By Madi Alexander, Web Editor
Voters will make more than one important decision in the upcoming election. In addition to determining the next president, Oklahomans will vote on six state questions on the November ballot.
State questions often are convoluted and make no sense to the average voter, including me. I know nothing about water bonds or intangible property taxes.
The Oklahoma Policy Institute, a non-profit group dedicated to promoting responsible and sustainable fiscal and economic policies, compiled a less wordy summary and analysis of the state questions. Even then, it took me an unfortunate amount of time to figure out exactly what the ballot measures would change.
Here is a list of my perspectives on this year’s state questions:
• SQ 758
It puts an artificially low cap on how much a person’s property can be valued for tax purposes. The measure benefits wealthy neighborhoods, where property values increase quickly, and puts rural properties at a disadvantage, where values do not rise as fast. Lowering the cap also means lowering the amount that can be taxed, which decreases the revenue used to fund public education.
• SQ 759
This question, if passed, would ban affirmative action, which is not at all the same as a quota system. Quotas and contract preferences are already illegal. SQ 759 would ban the public sector from the same practices that are widely used in the private sector to ensure diversity in the workforce.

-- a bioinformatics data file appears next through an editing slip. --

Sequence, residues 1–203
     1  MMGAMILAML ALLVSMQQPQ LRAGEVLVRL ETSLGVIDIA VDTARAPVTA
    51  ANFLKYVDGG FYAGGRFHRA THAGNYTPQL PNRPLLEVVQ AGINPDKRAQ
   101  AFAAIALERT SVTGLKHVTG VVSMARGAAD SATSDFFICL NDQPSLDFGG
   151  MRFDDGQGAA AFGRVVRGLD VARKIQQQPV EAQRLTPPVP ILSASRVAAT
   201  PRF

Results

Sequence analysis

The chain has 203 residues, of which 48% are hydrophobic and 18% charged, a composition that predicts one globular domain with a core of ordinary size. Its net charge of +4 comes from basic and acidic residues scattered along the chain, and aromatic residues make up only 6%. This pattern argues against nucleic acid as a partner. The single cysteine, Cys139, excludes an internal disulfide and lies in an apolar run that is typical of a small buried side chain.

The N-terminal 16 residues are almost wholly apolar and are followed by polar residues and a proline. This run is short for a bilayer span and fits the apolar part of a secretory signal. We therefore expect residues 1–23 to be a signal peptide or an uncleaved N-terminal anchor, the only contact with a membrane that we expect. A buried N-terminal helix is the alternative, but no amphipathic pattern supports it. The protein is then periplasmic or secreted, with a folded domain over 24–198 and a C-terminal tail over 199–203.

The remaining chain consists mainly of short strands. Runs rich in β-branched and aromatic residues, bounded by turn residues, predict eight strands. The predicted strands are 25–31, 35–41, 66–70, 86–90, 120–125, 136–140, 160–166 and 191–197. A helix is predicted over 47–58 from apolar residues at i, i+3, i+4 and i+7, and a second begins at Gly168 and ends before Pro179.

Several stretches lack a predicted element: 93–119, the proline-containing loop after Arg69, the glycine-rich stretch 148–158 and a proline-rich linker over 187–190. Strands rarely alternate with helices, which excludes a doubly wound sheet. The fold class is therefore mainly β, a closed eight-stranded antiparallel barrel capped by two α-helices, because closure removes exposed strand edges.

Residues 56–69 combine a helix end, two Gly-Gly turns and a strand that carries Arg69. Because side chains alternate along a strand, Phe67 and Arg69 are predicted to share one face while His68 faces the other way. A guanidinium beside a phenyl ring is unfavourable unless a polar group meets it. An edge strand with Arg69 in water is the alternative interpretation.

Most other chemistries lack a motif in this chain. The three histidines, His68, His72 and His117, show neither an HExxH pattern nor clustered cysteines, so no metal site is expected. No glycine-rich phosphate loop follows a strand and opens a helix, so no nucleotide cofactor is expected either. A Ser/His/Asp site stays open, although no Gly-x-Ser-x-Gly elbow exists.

• SQ 762
If passed, the governor would be removed from the parole process for non-violent, less severe offenses. Oklahoma is the only state in which the governor must approve all parole requests and rates are drastically lower than most other states. Well-maintained parole systems are cheaper than incarceration, are shown to reduce crime and recidivism and provide for supervised reintegration into society.
• SQ 764
Approving this question creates a $300 million bonding authority in the case of water and sewage treatment loan defaults. While the Oklahoma Water Resources Board can already issue bonds, it is important to reinforce OWRB’s loan programs for small Oklahoma towns that lack the capital to fund water projects on their own.
• SQ 765
The oversight of the Department of Human Services would be given to the Legislature and the Governor, if passed. The language of this measure is ambiguous and appears to abolish DHS altogether. Between the ambiguous language and lack of a statute to recreate the DHS, this puts the status of the department in a dangerous position.
• SQ 766
This question entails tax exemptions for intangible property. It gives tax cuts to corporations and could cost local governments an estimated $50 million in revenue, of which 60 percent goes to education. Without this revenue, assessors will increase property taxes for homeowners and small businesses to compensate.
For more information, go to okpolicy.org.